Marriage Terms(7)

By: Barbara Dunlop

Daniel exited the pro shop and headed for the locker room. Misty had said Cullen’s tee time was six-thirty. That meant he’d be coming up on the ninth hole about now.

At his locker, Daniel hung up his suit jacket, his tie and his dress shirt. Then he tugged the new golf shirt over his head and straightened the collar. He left the clubhouse through the terrace café.

Normally he’d check out the dining room, maybe exchange an informal word with some of his business associates. But not today. Today he marched straight down the shade-patterned pathway.

Cullen had some explaining to do.

Five minutes down the path, he spotted Cullen on the ninth green, lining up for a putt. He turned and angled toward him, not caring in the least about etiquette.

“Hey, Dad.” A hushed voice to his left stopped him in his tracks.

He turned to see his older son. “Bryan?”

Standing at the edge of the green, Bryan sported a sling to protect his injured shoulder.

He nodded to Daniel.

“What the hell are you doing here?” Daniel hissed.

“I’m golfing,” said Bryan.

“You’re injured.”

Cullen looked up from the putt. “Will you two shut up?”

Daniel clamped his jaw until Cullen’s ball had disappeared into the hole.

“Hey, Dad,” said Cullen, sliding the handle of his putter through his fist as he paced toward them. He handed the club to his caddy.

“You just got out of the hospital,” Daniel said to Bryan.

Bryan headed for his own golf bag. “It was a superficial wound.”

“It was a bullet hole.”

“In my shoulder.”

“You were in surgery for three hours.”

Bryan shrugged his good shoulder and accepted a putter. “You know those doctors.

They eke out every billable minute.”

Daniel rounded on Cullen. “You actually brought him golfing?”

“I’m taking the drives,” said Cullen easily. “He’s only putting.”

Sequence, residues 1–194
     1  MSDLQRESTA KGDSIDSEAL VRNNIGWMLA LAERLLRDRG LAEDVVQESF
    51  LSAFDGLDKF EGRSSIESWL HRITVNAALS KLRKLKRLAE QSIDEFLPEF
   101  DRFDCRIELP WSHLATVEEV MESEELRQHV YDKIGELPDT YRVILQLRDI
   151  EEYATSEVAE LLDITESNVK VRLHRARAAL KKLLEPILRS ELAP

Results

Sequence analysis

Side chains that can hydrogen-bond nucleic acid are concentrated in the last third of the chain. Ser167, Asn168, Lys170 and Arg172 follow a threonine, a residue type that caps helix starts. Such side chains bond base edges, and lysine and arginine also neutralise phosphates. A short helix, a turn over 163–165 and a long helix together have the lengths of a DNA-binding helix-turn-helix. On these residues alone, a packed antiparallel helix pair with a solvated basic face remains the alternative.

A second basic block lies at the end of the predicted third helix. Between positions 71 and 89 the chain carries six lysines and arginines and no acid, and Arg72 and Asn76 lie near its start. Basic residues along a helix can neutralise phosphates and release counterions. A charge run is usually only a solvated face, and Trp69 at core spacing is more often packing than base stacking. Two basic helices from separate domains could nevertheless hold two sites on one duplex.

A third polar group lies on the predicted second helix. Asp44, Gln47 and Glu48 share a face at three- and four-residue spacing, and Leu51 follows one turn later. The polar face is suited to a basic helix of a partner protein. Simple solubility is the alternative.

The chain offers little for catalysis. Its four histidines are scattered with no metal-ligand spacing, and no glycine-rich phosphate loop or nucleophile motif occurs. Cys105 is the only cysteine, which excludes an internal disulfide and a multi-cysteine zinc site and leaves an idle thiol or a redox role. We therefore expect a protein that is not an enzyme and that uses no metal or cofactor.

“And he’s cheating,” said Bryan, lining up his one-handed shot.

“Like I need to cheat to beat a cripple,” Cullen called.

“I can’t believe Lucy let you out of the house,” said Daniel. Bryan had always been the daredevil of the family, but this was ridiculous.

“You kidding?” asked Cullen. “Lucy paid me to get him out of the house.”

“Apparently I’m not a good patient,” Bryan said, swinging at the ball and missing the hole.

“That’s five,” said Cullen.

“Yeah, yeah,” Bryan returned. “I’ll get you next week.”

“Next week we’re skydiving,” said Cullen.

“I do not want to hear this,” said Daniel, hoping against hope that it was a joke.

Bryan finally sank the golf ball. “Relax, Dad. It’s an easy jump.”

“I knew we should have resorted to corporal punishment,” said Daniel.

Cullen laughed. “Where are your clubs, Dad?”

Daniel squared his shoulders. His sons might be grown men, and he might not have control over their hobbies, but he was still their father. “I’m not here to golf.”

Bryan returned the putter to his caddy. “Yeah?”

“And I wasn’t at Boca Royce to swim this afternoon, either.”

After a silent pause, Cullen raised an eyebrow. “Uh, thanks for sharing that with us, Dad.”

He pasted each of his sons with a significant glare. “I was there to talk to your mother.” Then he dropped his tone an octave, giving his voice that steely undercurrent he’d used when they were teenagers and got caught drinking beer or breaking curfew. “She told me about her law practice.”

He paused and waited for their reaction.

Cullen glanced at Bryan, and Bryan shrugged.

“Her defense attorney practice,” Daniel elaborated, trying to crack their poker faces.

Bryan turned to leave the green. “Is something wrong, Dad?”

“Yeah, I’d say something was wrong. Your mother is working for criminals.”

Cullen followed his brother, cocking his head to one side. “Who’d you think she was working for?”

Daniel stalked through the rough. “Executives, politicians, little old ladies writing wills.”